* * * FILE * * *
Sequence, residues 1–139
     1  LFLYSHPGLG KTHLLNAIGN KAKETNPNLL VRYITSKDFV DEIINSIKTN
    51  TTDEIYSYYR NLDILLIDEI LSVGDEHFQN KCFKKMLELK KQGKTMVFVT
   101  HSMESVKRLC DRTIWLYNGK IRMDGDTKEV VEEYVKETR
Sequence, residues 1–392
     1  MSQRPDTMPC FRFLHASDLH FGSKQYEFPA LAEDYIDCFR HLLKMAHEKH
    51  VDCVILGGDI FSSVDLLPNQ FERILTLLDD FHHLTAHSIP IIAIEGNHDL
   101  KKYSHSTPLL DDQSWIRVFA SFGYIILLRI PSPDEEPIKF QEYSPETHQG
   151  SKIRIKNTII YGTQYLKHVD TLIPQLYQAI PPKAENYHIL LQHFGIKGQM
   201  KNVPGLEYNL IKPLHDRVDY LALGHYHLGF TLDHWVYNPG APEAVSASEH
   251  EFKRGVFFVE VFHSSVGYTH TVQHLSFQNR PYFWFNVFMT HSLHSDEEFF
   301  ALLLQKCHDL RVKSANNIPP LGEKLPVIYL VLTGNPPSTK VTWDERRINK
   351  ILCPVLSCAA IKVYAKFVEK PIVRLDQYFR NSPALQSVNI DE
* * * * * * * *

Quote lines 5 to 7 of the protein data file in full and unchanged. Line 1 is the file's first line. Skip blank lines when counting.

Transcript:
Sequence, residues 1–392
     1  MSQRPDTMPC FRFLHASDLH FGSKQYEFPA LAEDYIDCFR HLLKMAHEKH
    51  VDCVILGGDI FSSVDLLPNQ FERILTLLDD FHHLTAHSIP IIAIEGNHDL